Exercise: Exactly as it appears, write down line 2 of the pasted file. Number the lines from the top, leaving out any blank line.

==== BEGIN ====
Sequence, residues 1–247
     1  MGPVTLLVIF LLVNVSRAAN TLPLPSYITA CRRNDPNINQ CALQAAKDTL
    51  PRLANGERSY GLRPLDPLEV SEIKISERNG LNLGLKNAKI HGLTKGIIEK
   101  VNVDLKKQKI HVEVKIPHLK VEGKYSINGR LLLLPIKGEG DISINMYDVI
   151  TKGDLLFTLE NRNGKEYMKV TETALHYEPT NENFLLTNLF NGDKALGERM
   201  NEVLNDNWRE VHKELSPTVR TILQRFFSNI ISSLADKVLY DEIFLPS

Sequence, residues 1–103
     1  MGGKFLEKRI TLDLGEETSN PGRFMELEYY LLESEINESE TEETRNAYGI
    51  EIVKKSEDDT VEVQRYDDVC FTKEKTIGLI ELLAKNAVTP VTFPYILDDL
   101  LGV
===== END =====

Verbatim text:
     1  MGPVTLLVIF LLVNVSRAAN TLPLPSYITA CRRNDPNINQ CALQAAKDTL